Exploring the radical change in social and religious attitudes towards sex, this award-winning documentary takes a look throughout history and traces the shift in social attitudes and ... See full summary »
Equality for all? Or not really? And why not? And how about next year? These eternal questions are explored in this genre-bending film which follows our civilization's eternal quest for "... See full summary »
In an early 20th century village, a painter with an unusual commission finds two pretty girls to model for him. The girls slowly come of age while exploring their sexuality and finding liberation in a repressed society.
Teenager Leslie Hindenberg, mistakenly believing she has just weeks to live, decides she will lose her virginity before she dies. Meanwhile, hormone-crazed Alan Holt pursues some sex for ... See full summary »
A shady male student transfers into a high school full of nubile young schoolgirls. He has his way with most of the female student body on his way to his real conquest--the sexy athletic ... See full summary »
Although deeply in love with her boyfriend - and indeed sleeping in the same bed with him - a schoolteacher cannot handle the almost complete lack of intimacy he will allow. Increasingly ... See full summary »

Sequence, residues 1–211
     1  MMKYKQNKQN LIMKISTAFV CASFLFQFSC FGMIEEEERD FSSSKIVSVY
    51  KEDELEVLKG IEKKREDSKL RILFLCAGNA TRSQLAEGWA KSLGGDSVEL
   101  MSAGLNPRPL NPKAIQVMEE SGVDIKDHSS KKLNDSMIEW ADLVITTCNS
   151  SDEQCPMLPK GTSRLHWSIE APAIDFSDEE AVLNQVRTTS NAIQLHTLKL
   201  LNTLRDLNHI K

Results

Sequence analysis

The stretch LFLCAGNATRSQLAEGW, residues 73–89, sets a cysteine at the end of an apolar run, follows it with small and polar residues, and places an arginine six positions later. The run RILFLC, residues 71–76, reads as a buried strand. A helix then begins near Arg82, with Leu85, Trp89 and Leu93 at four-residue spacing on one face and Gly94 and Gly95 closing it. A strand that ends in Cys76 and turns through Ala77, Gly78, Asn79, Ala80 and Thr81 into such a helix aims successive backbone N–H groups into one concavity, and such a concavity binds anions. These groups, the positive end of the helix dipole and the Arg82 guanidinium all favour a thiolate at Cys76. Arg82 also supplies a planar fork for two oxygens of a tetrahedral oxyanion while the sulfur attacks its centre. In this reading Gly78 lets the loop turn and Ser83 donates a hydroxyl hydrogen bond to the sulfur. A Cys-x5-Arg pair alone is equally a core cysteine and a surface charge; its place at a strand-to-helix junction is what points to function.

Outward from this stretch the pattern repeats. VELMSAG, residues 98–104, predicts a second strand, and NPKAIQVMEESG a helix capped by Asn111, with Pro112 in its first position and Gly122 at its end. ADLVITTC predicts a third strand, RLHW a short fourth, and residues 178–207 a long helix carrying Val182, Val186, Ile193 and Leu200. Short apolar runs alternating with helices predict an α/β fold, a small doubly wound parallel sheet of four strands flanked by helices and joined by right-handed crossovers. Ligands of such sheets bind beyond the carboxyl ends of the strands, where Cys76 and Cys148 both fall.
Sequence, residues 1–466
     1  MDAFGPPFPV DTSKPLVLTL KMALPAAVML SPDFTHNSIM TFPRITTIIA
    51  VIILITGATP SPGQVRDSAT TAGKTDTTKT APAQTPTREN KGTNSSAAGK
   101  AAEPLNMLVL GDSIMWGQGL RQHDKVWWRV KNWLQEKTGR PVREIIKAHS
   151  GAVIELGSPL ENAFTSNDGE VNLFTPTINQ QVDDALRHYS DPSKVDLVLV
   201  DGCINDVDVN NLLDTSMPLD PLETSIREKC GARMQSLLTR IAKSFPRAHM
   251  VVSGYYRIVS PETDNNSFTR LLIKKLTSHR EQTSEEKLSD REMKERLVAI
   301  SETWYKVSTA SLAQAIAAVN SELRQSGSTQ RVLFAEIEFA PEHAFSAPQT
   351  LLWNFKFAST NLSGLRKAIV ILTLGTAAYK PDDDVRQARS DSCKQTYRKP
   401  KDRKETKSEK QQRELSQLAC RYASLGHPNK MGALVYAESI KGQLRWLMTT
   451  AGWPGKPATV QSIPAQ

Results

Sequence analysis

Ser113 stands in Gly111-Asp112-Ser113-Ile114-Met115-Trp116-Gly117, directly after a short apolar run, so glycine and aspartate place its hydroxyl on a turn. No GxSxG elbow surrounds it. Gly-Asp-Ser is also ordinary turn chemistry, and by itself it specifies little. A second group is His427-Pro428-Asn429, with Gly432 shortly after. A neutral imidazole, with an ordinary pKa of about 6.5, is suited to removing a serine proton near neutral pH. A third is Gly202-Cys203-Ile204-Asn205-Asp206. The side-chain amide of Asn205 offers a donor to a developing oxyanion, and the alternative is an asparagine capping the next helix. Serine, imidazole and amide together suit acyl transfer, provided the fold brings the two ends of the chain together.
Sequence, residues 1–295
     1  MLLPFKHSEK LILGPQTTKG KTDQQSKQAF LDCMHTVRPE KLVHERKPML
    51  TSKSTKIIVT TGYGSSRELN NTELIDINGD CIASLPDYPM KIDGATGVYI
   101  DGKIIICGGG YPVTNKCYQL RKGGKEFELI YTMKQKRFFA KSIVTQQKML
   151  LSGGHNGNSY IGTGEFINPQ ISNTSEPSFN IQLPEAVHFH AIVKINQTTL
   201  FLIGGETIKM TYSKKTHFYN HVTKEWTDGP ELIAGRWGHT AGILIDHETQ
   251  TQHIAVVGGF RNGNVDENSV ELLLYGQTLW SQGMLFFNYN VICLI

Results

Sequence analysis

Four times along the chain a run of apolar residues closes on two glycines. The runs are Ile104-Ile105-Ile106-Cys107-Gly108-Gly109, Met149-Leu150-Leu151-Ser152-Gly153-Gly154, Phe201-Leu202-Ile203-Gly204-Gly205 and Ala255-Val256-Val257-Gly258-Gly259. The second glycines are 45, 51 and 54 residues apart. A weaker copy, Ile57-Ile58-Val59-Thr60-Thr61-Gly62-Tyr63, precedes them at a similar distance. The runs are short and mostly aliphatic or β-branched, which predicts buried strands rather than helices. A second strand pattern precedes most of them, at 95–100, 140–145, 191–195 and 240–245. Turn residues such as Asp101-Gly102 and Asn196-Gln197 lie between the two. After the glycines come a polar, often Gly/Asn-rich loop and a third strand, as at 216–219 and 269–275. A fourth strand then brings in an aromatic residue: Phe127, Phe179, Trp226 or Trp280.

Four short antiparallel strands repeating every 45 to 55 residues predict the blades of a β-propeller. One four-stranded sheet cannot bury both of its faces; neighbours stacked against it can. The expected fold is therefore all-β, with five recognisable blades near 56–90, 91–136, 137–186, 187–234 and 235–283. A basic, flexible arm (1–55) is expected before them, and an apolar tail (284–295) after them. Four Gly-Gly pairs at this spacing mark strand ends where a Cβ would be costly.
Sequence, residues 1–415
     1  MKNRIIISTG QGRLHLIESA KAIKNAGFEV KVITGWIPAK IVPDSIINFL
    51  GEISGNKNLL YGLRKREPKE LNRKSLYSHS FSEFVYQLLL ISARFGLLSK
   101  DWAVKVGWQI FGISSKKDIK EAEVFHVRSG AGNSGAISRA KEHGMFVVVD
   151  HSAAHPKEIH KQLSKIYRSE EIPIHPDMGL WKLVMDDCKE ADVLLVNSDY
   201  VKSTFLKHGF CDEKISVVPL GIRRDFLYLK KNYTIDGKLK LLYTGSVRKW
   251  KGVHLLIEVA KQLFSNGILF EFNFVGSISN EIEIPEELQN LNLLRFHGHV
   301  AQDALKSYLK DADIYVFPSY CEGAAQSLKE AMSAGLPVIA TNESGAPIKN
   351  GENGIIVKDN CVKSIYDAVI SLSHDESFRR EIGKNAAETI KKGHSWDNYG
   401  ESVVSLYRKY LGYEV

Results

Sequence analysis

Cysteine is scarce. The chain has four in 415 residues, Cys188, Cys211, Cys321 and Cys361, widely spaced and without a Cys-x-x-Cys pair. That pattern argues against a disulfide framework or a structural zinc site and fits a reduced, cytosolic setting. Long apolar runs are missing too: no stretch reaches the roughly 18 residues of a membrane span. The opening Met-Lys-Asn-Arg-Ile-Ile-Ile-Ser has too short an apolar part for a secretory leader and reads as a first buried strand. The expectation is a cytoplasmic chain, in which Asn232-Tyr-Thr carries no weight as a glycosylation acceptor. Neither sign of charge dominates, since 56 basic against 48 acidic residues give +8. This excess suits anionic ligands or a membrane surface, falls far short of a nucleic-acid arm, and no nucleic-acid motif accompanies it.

Not a documentary about sex, but rather a documentary on controversial New York photographer Andres Serrano, this independent film follows the contentious artist around as he fixes photo shoots for a sex-themed exhibition. The film also divulges Serrano's background, particularly the stir he caused by shooting a crucifix in a tank of urine in the 1980s. Serrano does not talk much to the camera but through interviews with his associates, the fascination that some have with his work comes across. One associate memorably pegs it is as "being seduced by something one doesn't want to look at". Whether Serrano is just controversial for the sake of it or whether he has something to say is debatable, but something he mentions about disliking contradictions such as a "church that faces a bunch of brothels" resonates. For all its intriguing content, the documentary is nevertheless compromised by lots of grainy video footage. Scenes also tend to linger on Serrano setting shots up while mumbling to his assistants - something that affects the film's pacing. There are, however, sufficient truly unexpected images throughout to keep one transfixed. A lot of drive comes from wondering what shocking thing he will do next; e.g. what appears to simply be a shoot of a mother breastfeeding her baby in a dilapidated church soon turns out to be more. The equally controversial John Waters also has a fun meeting with Serrano late in the piece. Nick Broomfield's amazing 'Fetishes' this documentary is not, but there is something curious about it, fragmented and patchy as it may be.
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